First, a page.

Curious about the origins of Pat Robertson’s outrageous comments about Haiti’s latest agony, my research turned up this interesting nugget in Wikipedia (http://en.wikipedia.org/wiki/Haiti): “In 1912 Syrians residing in Haiti participated in a plot in which the presidential palace was destroyed.” Syrians in Haiti? My spider-sense for all things Levantine was tingling, so I digressed from my original quest… Here are a couple of related 1911 pieces in the New York Times:
Both of these articles mention Khalil Khayat (“the Syrian poet”). The name shows up in some old early 1900s Harper’s and Atlantic articles and there is a street in Alexandria by the same name. He is mentioned as the editor of Kawkab Elhorriah, or Star of Liberty, in Norman Duncan’s “The Soul of the Street — Correlated Stories of the New York Syrian Quarter” (1900, http://www.archive.org/stream/cihm_06072#page/n19/mode/2up). But I digress…
Brenda Gayle Plummer’s “Race, Nationality, and Trade in the Caribbean: The Syrians in Haiti, 1903-1934” (The International History Review, http://www.jstor.org/pss/40105175) confirms these “Syrians” were actually Lebanese Christians. Here’s a quote from the web site Countries and their Cultures (http://www.everyculture.com/Ge-It/Haiti.html):
“The only ethnic subdivision is that of the syrians, the early twentieth-century Levantine emigrants who have been absorbed into the commercial elite but often self-identify by their ancestral origins.”
…which brings me back to the name Khalil Khayat. It is mentioned (in http://adonis49.wordpress.com/2009/06/30/dilemma/, an article about the 1919 post-WW1 League of Nations meetings in Paris to divvy up the spoils of war) as the name of one of the founders of the “Moderate Syrian Party” in Cairo. This party was advocating a temporary US mandate over all Syria (then the populations comprising the current states of Syria, Lebanon, Palestine, and Jordan). The article continues:
“In the small town of Mansoura, Egypt, a journalist Jubran Tueny Sr. (later the founder of the daily Al Nahar (The Day) in Lebanon) was for a French mandate over an independent Greater Lebanon on the ground that France saved the Lebanese immigrants from slaughter in Haiti while the US did not deign to intervene.”
And there you have it, a slightly unraveled thread from the tangled web of history that meanders from Haiti back to our beloved Lebanon.
As for the wackadoodle stuff Pat Robertson said this week (while his black bobble-head sidekick bobbled silently and obediently)… Apparently this story about Haiti and the Devil has been circulating for years. Here’s a blog post from three years ago, in which the writer finally starts to wake up and question some of the drivel she’s being fed:
One of the comments following her blog post contains a venomous link to Tom Barrett’s 2004 article “Government Of The Devil, By The Devil, And For The Devil” (American Daily, http://www.americandaily.com/article/95) which makes Robertson’s rant seem almost tame by comparison. Barrett’s source for codswallop like “it is a matter of well-documented historical fact that the nation of Haiti was dedicated to Satan 200 years ago” (sound familiar?) is, of course, a second-generation missionary. These unimpeachable darlings of the right-wing talkshow circuit, like the zealots who peddle for-profit perversions like Zionism and a hatred of Islam to their fawning flocks, have discovered that there is gold in frenzied fantasies about dark-skinned heathen savages who somehow manage to usurp the God-given authority of benevolent white Christians. Barrett himself is a real piece of work (http://www.americandaily.com/author/9), but I digress…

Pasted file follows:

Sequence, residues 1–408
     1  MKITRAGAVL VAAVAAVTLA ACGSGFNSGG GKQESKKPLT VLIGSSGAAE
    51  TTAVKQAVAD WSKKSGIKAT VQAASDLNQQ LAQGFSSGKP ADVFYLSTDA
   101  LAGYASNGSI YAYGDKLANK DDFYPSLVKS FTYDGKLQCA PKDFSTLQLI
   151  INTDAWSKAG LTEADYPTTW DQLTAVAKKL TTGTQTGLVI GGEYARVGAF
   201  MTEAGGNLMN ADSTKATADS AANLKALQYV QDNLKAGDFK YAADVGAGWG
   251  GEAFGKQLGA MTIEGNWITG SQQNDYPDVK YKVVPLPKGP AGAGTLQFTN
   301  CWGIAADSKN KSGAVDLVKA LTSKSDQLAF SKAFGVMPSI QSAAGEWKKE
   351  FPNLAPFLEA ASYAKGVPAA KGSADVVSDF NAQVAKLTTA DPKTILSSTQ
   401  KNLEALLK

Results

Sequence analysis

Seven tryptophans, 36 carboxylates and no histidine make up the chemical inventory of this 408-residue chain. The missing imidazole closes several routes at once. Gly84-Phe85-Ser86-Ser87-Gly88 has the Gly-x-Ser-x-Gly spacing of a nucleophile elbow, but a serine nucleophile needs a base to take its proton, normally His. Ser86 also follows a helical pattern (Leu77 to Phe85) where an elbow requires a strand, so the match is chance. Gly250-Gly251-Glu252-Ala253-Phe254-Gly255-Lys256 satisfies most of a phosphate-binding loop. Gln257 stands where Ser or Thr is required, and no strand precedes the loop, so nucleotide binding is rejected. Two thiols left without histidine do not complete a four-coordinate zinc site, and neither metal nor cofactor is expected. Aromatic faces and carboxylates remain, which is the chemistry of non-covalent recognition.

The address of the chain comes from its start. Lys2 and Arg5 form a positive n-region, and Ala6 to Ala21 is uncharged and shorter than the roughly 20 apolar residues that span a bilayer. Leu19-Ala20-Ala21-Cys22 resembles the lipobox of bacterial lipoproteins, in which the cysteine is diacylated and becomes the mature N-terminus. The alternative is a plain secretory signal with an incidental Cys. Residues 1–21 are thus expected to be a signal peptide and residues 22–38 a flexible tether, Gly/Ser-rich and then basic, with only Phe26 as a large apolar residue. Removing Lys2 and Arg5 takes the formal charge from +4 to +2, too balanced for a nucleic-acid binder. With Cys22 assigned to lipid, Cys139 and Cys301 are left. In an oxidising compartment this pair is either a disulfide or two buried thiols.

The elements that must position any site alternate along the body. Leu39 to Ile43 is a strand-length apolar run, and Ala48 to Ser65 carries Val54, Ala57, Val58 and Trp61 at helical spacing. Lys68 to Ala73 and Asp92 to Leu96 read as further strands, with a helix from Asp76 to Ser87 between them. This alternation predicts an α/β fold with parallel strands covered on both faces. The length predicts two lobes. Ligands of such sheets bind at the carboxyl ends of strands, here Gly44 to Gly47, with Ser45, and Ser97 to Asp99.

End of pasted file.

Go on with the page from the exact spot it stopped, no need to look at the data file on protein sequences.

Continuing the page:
The blog also contains a very good link to Jean Gelin’s 2005 “God, Satan, and the Birth of Haiti” (BlackandChristian.com, http://www.blackandchristian.com/articles/academy/gelin-10-05.shtml). Dr. Gelin is (like Robertson and Barrett) a licensed minister who holds a Ph.D. in plant sciences and works as a scientist in agricultural research. Here’s his studied conclusion:
“I would not be surprised if the satanic pact idea (followed by the divine curse message) was put together first by foreign missionaries and later on picked up by local leaders. On the other hand, it is equally possible that some Haitian church leaders developed the idea on their own using a theological framework borrowed from those same missionaries who subsequently propagated the message around the world. Either way, because of this message, Haiti has been portrayed as the country born out of Satan’s benevolence and goodwill toward mankind.”
Part 2 of Gelin’s article: http://www.blackandchristian.com/articles/academy/gelin-11-05.shtml
One final, personal digression for the handful of readers who may have stuck with me this far… We are on the eve of our national remembrance of the life and message of Martin Luther King. I can think of no better way to honor his legacy than by helping the people of Haiti. Will you help, too?